Case Studies in the Development of Close Air Support

Benjamin Franklin Cooling, Editor

ISBN 10: 0912799641 / ISBN 13: 9780912799643
Published by United States Air Force History Office, Washington, DC, 1990
Condition: Very Good Soft cover
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Case Studies in the Development of Close Air Support. Benjamin Franklin Cooling, Editor. Published by United States Air Force History Office, Washington, DC, 1990. 1st Edition. Paperback. Size 8vo. Condition: Nr Fine. Taped tear front cover at spine edge, title page torn out, balance of content excellent. 606 Pgs. ISBN 0912799641. In this book, each author was asked to produce an original case study on a defined period or subject. The essays are based on all relevant published literature and on the key archival documents containing the record of how various air forces actually developed and applied their systems of close air support to ground combat. Contents include: Developments to 1939; Luftwaffe 1939-1941; Soviet Air-Ground Coordination 1941-1945; Tunisian Campaign 1942-19743; Allied Cooperation in Sicily & Italy 1943-1945; France 1944; American Experience in the Southwest Pacific; Korea 1950-1953; Southeast Asia; Isr'li Experience; and Retrospect on Close Air Support. Description text copyright 2009 BooksForComfort. Item ID 19292. Bookseller Inventory # 19292

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Bibliographic Details

Title: Case Studies in the Development of Close Air...

Publisher: United States Air Force History Office, Washington, DC

Publication Date: 1990

Binding: Paperback

Book Condition:Very Good

Edition: 1st edition.

Book Type: book

About this title

Synopsis:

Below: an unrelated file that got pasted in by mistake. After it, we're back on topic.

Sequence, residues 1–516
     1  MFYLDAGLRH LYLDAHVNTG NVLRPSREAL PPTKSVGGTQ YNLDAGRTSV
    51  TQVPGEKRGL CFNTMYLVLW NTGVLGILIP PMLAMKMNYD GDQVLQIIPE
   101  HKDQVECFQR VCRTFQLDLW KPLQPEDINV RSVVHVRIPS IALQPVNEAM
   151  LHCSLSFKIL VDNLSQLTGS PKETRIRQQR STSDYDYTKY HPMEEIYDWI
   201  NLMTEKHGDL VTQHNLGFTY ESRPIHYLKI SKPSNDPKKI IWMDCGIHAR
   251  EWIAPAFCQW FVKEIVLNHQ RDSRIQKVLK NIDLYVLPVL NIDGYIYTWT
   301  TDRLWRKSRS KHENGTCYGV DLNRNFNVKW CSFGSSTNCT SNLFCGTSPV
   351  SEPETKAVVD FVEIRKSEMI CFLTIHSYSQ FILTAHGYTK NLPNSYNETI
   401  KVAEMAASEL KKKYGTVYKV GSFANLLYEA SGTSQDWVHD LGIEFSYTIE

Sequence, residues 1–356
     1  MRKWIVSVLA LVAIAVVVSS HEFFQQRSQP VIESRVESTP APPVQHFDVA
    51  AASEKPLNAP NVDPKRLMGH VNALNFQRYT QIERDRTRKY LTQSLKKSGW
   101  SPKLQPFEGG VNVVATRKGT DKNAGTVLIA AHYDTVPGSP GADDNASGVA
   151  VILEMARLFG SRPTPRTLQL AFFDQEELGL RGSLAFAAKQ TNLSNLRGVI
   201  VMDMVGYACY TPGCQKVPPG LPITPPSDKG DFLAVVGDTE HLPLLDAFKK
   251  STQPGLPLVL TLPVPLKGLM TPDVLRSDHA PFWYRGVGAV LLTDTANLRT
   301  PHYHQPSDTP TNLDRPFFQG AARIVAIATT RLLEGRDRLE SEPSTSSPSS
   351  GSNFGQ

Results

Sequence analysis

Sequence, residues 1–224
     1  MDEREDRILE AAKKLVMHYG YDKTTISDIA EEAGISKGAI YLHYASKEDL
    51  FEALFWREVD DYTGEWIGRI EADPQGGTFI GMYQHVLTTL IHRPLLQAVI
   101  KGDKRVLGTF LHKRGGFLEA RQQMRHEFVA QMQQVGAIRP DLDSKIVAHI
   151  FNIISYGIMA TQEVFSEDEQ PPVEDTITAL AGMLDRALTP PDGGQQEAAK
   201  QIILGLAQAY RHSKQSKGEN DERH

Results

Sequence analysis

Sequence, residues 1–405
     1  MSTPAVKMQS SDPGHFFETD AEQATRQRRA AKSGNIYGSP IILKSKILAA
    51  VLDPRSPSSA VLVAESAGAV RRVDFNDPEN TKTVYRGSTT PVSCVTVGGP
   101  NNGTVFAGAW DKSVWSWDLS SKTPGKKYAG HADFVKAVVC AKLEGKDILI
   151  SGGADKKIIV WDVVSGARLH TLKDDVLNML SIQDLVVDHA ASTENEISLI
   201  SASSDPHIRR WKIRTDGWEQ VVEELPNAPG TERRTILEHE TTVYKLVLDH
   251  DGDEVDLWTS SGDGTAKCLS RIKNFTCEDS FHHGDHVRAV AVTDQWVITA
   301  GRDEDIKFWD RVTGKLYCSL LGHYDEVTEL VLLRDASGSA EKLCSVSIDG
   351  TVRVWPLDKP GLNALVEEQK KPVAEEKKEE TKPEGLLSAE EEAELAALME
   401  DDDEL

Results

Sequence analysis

The introduction of airplanes to warfare led almost from the first to their application in close support of ground forces. The earliest attempts at influencing the outcome of a ground battle from the air were limited by the fragility of the craft engaged and the lack of coherent ideas on the most effective use of what was still a novelty. What began as an expedient, however, has become over nearly ten decades an essential role for air power. Taken virtually for granted by troops and aviators today, the employment of air power in this way has been controversial from the first instance in which bombs were dropped on ground combatants during the Italo-Turkish war of 1911-1912. Ground and air commanders have differed over the proper use of aviation; preferences and assumptions on doctrine have evolved in both the ground and air communities; technology has changed air systems and defensive ground weaponry; and with time different systems or techniques have developed in various military establishments for the command and control of ground and air forces operating in concert, for liaison and communications, and for delivering aerial firepower in support of land forces locked in combat with an enemy. In December 1982, Maj. Gen. Perry McCoy Smith, then the Air Force Director of Plans, asked the Office of Air Force History to prepare a number of case-study volumes on various aspects of air warfare. Col. John A. Warden III, in the Office of the Deputy Chief of Staff for Plans and Operations, provided funds from the Air Force's Project Warrior Program. With further generous assistance of Dr. Andrew Marshall, then Director of Net Assessment in the Office of the Secretary of Defense, the Air Force History Program approached some of the foremost historians in the field of military aviation to record their assessments as a resource for planning within the Air Force and the Army for several years to come. Each author was asked to produce an original case study on a defined period or subject. The essays were to be based on all relevant published literature and on the key archival documents containing the record of how various air forces actually developed and applied their systems of close air support to ground combat. Each author was also asked to cover certain basic topics: initial doctrine, organization of forces, background and courses of the air-ground campaigns, communications systems, command and control arrangements, weaponry and technology, and the decisions and people that determined the course of action and shaped its outcome. A concluding retrospect draws generalizations from the experiences presented. The Office of Air Force History believes that this volume will be of substantial value not only to the U.S. Air Force and the U.S. Army, but should also appeal to a wider audience interested in all aspects of military history and contribute to informing the American public about the characteristics and the use of air power in all of its aspects.

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